While the battery is often considered the key to enhancing electric vehicle (EV) performance and range, researchers at the Fraunhofer Institute for Reliability and Microintegration, Germany, have focused on helping the power inverter keep its cool with greater efficiency.

These devices require cooling as they convert DC from the battery into the AC that drives the electric motor. EV power inverters use solid cooling elements that feature ducts resting in water, where the heat is directed Source: Fraunhofer Institute for Reliability and MicrointegrationSource: Fraunhofer Institute for Reliability and Microintegrationand dissipated. Advanced transistors for inverters made of silicon carbide semiconductors have been designed, which offer a lower rate of power loss as the vehicle is operated.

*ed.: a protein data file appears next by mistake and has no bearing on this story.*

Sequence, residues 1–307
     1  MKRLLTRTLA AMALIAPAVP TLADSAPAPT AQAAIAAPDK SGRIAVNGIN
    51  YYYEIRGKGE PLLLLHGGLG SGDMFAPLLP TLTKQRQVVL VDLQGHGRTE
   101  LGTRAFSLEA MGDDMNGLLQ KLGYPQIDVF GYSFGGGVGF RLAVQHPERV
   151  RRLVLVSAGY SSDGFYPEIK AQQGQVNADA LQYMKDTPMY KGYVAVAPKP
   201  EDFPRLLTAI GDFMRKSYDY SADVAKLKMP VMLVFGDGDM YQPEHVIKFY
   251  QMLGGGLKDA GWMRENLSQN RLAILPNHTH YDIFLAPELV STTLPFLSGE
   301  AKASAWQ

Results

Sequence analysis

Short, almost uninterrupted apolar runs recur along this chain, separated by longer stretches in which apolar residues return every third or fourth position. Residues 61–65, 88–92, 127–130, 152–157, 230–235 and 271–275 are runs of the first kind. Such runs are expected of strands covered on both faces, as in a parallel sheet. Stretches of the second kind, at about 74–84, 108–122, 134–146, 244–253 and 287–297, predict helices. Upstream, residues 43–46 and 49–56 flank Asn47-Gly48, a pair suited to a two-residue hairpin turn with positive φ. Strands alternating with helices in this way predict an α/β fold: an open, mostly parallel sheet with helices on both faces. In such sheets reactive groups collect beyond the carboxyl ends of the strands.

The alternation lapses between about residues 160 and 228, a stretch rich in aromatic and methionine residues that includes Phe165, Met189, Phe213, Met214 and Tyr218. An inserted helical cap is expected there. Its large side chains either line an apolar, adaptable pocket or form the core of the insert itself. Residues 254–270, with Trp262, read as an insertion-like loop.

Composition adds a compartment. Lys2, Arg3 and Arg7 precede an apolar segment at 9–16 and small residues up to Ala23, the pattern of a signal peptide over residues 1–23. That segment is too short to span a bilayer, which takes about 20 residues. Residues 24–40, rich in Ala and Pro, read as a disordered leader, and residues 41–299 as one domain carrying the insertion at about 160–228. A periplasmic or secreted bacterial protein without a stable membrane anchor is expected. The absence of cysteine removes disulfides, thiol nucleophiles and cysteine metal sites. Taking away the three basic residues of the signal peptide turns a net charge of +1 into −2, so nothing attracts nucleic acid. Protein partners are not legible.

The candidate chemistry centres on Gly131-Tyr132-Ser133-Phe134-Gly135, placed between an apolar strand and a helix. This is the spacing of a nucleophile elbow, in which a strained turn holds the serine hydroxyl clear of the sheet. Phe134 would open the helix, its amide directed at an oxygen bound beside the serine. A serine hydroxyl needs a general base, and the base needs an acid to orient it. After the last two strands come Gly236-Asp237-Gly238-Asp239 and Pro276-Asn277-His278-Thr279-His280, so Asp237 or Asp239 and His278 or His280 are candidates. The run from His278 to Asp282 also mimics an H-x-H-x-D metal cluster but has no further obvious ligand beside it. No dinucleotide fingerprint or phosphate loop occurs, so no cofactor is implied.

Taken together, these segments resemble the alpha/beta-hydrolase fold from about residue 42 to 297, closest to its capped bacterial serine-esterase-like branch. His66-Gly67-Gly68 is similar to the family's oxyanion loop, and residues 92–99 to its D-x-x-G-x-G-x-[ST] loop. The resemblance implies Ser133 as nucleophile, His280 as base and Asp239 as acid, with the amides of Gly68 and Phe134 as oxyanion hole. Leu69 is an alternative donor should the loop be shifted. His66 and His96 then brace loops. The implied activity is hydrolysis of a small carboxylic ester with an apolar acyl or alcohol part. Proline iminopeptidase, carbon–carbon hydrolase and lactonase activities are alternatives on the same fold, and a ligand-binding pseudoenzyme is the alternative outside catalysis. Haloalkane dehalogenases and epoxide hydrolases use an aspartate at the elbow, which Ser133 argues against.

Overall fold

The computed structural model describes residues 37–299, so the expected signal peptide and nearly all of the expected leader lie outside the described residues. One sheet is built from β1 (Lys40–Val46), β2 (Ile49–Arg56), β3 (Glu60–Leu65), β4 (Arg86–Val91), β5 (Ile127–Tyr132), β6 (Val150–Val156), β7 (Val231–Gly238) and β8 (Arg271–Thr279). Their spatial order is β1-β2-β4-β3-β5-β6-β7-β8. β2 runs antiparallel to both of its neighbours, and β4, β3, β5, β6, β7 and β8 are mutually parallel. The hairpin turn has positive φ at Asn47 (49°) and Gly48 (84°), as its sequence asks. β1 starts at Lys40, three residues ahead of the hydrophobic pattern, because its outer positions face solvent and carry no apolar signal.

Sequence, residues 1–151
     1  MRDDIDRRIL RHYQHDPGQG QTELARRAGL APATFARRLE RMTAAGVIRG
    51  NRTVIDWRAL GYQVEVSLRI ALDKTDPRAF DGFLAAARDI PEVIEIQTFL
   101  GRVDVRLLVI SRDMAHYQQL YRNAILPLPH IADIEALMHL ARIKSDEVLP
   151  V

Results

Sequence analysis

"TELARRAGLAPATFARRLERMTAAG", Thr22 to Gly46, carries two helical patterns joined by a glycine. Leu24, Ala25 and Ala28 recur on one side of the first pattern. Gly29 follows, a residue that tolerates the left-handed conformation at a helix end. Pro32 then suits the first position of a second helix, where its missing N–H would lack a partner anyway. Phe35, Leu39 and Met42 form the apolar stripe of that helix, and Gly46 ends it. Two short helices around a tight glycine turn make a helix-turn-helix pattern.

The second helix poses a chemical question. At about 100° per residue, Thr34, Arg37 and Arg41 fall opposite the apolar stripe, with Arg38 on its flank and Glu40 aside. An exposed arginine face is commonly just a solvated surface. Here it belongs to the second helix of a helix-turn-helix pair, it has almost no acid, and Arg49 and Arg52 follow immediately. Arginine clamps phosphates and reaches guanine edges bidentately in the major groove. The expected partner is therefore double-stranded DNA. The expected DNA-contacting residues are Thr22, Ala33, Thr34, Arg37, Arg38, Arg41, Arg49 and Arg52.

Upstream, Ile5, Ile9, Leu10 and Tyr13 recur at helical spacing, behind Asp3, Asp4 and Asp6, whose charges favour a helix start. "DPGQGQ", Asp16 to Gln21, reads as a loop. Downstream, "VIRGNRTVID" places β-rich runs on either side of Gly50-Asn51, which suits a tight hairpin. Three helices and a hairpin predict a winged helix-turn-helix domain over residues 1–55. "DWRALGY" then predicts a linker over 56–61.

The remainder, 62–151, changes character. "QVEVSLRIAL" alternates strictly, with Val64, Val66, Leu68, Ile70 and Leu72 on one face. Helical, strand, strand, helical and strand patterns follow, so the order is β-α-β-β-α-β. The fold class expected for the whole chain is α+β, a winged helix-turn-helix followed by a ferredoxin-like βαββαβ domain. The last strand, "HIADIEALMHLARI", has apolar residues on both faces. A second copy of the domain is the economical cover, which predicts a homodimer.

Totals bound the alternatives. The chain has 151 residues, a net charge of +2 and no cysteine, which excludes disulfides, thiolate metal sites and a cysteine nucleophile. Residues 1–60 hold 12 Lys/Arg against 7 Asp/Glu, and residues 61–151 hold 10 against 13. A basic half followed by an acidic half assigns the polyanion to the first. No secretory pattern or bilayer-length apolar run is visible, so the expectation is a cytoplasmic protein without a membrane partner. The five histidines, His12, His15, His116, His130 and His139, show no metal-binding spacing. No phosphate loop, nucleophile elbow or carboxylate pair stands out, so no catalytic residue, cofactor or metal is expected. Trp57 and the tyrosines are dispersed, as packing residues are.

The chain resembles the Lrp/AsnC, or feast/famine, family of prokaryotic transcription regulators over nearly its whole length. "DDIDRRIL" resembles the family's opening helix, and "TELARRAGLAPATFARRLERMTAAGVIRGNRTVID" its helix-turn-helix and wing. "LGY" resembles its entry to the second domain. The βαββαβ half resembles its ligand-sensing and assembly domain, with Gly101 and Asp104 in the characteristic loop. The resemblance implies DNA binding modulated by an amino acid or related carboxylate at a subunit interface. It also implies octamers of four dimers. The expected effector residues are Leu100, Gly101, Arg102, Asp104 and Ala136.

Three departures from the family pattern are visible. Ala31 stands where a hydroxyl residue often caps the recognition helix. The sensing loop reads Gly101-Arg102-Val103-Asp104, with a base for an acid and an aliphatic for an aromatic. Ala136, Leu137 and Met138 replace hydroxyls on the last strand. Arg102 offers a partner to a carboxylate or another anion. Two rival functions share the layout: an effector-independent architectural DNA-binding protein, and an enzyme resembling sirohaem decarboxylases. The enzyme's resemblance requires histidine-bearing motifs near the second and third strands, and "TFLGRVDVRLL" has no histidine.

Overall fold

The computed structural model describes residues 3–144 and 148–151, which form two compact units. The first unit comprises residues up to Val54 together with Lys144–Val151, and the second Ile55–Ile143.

The researchers 3D-printed cooling components with much thinner walls and positioned the transistors on a thin metal plate measuring just a few millimeters thick. The redesign places the transistors closer to the cooling water to boost heat removal. The cooling ducts double as structural components, supporting the metal plates, while the thin nature of the materials enables them to absorb stresses as the inverter heats and is cooled, by deforming slightly.

The redesigned power inverter, projected to contribute to a 6% EV range extension, will next be tested in a drive train engineered by Porsche to match the silicon carbide structure.

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